Last updated on August 24th, 2019 at 11:28 am
❝It appears that the faster-than-light neutrino results, announced last September by the OPERA collaboration in Italy, was due to a mistake after all. A bad connection between a GPS unit and a computer may be to blame.
Physicists had detected neutrinos travelling from the CERN laboratory in Geneva to the Gran Sasso laboratory near L’Aquila that appeared to make the trip in about 60 nanoseconds less than light speed. Many other physicists suspected that the result was due to some kind of error, given that it seems at odds with Einstein’s special theory of relativity, which says nothing can travel faster than the speed of light. That theory has been vindicated by many experiments over the decades.
According to sources familiar with the experiment, the 60 nanoseconds discrepancy appears to come from a bad connection between a fiber optic cable that connects to the GPS receiver used to correct the timing of the neutrinos’ flight and an electronic card in a computer. After tightening the connection and then measuring the time it takes data to travel the length of the fiber, researchers found that the data arrive 60 nanoseconds earlier than assumed. Since this time is subtracted from the overall time of flight, it appears to explain the early arrival of the neutrinos. New data, however, will be needed to confirm this hypothesis.❞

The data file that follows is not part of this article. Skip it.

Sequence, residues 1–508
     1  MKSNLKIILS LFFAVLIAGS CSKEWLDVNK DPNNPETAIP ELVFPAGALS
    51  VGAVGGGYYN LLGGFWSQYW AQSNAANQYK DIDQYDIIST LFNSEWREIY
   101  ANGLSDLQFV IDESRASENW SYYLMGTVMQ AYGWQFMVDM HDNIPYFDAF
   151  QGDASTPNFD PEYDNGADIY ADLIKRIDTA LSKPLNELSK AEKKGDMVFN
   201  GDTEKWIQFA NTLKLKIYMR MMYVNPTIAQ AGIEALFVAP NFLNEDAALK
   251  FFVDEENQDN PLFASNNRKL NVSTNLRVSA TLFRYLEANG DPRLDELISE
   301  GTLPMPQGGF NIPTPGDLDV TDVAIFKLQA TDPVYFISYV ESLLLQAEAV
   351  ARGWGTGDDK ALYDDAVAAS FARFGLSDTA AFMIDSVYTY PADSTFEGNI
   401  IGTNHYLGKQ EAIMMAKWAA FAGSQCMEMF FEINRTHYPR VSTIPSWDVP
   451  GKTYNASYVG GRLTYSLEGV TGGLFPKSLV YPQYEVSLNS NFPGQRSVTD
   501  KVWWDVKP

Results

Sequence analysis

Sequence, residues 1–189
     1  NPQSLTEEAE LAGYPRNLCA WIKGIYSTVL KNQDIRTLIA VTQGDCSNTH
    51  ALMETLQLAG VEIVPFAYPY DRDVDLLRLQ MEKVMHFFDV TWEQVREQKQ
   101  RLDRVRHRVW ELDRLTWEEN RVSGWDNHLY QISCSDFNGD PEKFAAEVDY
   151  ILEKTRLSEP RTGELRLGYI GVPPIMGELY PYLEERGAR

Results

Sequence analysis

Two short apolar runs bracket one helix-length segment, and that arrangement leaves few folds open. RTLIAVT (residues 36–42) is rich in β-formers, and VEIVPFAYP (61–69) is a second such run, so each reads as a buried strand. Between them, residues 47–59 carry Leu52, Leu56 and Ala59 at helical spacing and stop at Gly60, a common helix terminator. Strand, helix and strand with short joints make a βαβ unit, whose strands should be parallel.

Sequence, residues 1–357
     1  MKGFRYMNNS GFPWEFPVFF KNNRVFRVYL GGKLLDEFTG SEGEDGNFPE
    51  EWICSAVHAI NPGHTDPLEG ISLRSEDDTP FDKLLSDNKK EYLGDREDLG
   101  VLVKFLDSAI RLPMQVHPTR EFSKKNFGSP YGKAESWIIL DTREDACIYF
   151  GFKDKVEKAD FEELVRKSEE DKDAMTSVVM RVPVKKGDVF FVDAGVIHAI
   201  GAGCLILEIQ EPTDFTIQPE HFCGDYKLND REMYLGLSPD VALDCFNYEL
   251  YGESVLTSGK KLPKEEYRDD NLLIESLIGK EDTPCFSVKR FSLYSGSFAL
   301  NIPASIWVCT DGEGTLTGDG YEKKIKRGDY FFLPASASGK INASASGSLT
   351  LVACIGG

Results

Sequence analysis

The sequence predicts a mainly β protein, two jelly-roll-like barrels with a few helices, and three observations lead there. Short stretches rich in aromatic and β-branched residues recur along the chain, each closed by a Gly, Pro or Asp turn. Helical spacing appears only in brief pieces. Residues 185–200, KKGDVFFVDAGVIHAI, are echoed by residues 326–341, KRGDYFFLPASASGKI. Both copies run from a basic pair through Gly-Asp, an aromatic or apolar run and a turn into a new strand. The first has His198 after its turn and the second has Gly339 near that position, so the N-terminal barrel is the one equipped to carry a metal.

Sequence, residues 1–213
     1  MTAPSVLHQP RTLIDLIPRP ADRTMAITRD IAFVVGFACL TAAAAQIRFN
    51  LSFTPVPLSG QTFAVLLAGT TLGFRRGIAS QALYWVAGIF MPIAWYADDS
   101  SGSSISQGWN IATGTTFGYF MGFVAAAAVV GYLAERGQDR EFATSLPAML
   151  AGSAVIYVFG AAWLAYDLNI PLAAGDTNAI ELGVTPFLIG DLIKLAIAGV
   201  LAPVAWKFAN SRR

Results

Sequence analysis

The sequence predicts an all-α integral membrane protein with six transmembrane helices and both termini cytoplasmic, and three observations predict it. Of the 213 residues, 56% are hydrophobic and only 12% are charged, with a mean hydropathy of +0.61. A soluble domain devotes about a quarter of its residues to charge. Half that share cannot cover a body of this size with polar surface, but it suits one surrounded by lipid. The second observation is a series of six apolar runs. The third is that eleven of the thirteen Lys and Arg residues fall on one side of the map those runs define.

Let me make three points:
- I am not a physicist (nor do I ever want to be one), but I was kind of skeptical of faster than light particles. No particular reason why, just that I have an fundamental issue with primary research in that it lacks confirmation from other sources.
- For want of a decent fiber optic cable, the results were inaccurate. CERN costs its member countries nearly $1 billion a year to run, so they must have gone cheap on the cable. I know, things happen, but still, reversing course is more embarrassing than buying a new cable and going a few dollars over budget on fiber optics.
- The best news is that science is willing to report its mistakes. A vast majority of scientific discoveries are not retracted, but when science gets it wrong, it broadcasts it as widely as possible. As opposed to pseudosciences which are almost always wrong.
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